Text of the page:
Want to Restore Fairness to the Criminal Justice System? End Racial Profiling
Just over a year ago, the Senate Judiciary Committee held its first hearing on racial profiling in over a decade on the heels of the murder of 17-year-old Florida resident Trayvon Martin.
His death gave a face to the terrible practice of racial profiling and brought new media scrutiny to the issue.
Over the years, many of our political leaders have recognized the injustice that results from racial profiling. President Obama and President Bush have both urged an end to this discriminatory practice. Former Attorney General John Ashcroft said racial profiling “needs to stop [because] every American has a right to look to law enforcement officials to protect their rights.” These sentiments were echoed by Attorney General Eric Holder in 2009 in his testimony before the Senate Appropriations Committee.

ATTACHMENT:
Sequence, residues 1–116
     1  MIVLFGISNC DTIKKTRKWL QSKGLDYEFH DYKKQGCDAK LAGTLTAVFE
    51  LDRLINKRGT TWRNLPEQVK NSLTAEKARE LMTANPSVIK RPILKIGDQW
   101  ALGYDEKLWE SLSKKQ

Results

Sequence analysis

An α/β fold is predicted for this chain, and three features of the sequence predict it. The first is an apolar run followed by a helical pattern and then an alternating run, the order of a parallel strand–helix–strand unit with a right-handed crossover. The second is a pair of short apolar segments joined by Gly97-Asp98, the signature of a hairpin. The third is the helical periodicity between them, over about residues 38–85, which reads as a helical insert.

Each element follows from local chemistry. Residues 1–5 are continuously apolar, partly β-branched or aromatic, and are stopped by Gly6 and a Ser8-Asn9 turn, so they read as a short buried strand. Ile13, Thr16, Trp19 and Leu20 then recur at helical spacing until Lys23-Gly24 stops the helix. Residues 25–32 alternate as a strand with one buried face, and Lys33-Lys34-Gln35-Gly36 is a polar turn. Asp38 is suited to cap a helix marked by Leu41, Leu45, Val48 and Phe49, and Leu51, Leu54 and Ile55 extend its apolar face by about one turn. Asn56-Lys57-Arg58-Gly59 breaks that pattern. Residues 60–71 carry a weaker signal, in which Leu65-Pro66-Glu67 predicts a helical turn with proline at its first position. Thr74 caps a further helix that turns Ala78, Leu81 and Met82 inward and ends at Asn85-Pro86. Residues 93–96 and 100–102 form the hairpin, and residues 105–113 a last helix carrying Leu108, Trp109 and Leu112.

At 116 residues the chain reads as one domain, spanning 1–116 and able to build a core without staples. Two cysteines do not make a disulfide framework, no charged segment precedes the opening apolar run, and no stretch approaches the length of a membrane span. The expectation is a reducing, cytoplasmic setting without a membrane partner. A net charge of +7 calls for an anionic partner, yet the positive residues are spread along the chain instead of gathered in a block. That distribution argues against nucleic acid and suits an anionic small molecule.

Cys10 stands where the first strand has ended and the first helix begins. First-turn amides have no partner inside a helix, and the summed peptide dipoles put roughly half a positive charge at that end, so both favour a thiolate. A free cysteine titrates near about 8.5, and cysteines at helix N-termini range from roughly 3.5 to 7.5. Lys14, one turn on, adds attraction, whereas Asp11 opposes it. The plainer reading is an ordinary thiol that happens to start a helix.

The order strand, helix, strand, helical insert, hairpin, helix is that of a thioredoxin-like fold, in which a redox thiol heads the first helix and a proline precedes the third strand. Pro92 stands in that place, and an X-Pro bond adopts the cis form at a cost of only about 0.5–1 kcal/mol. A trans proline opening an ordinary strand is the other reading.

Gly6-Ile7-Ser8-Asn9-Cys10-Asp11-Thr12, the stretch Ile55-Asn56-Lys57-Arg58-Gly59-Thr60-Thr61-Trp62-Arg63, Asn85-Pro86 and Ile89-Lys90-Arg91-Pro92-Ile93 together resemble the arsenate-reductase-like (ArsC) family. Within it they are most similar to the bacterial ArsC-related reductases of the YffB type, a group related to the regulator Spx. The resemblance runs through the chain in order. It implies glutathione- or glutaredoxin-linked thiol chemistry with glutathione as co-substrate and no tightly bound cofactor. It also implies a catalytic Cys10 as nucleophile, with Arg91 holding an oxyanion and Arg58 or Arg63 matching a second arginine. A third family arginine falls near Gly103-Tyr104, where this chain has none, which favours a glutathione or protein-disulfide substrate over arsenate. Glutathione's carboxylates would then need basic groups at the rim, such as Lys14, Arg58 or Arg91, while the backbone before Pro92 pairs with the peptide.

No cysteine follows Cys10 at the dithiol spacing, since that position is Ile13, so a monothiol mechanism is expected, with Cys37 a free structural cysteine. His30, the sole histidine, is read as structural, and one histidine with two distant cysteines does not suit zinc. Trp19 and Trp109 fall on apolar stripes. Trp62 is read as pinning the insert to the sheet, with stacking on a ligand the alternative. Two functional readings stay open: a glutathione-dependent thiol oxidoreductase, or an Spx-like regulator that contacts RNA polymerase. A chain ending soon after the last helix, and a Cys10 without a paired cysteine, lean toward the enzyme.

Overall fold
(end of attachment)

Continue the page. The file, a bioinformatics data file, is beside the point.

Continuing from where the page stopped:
But despite this high profile support, racial profiling remains a pervasive practice. From New York’s stop-and-frisk policy to FBI surveillance of mosques, profiling infringes on the basic rights of Americans all across the country.
We rely on law enforcement to protect us from harm and serve as the face of justice, but the continued use of racial profiling undermines the trust between the police and our communities and reduces cooperation with law enforcement.
Today Sen. Ben Cardin (D-Md.) introduced the End Racial Profiling Act of 2013 (ERPA) which prohibits racial profiling by law enforcement officials. ERPA is the thoughtful result of nearly two decades of work with law enforcement and civil rights communities, and its passage is vital to restoring trust between communities of color and the justice system.
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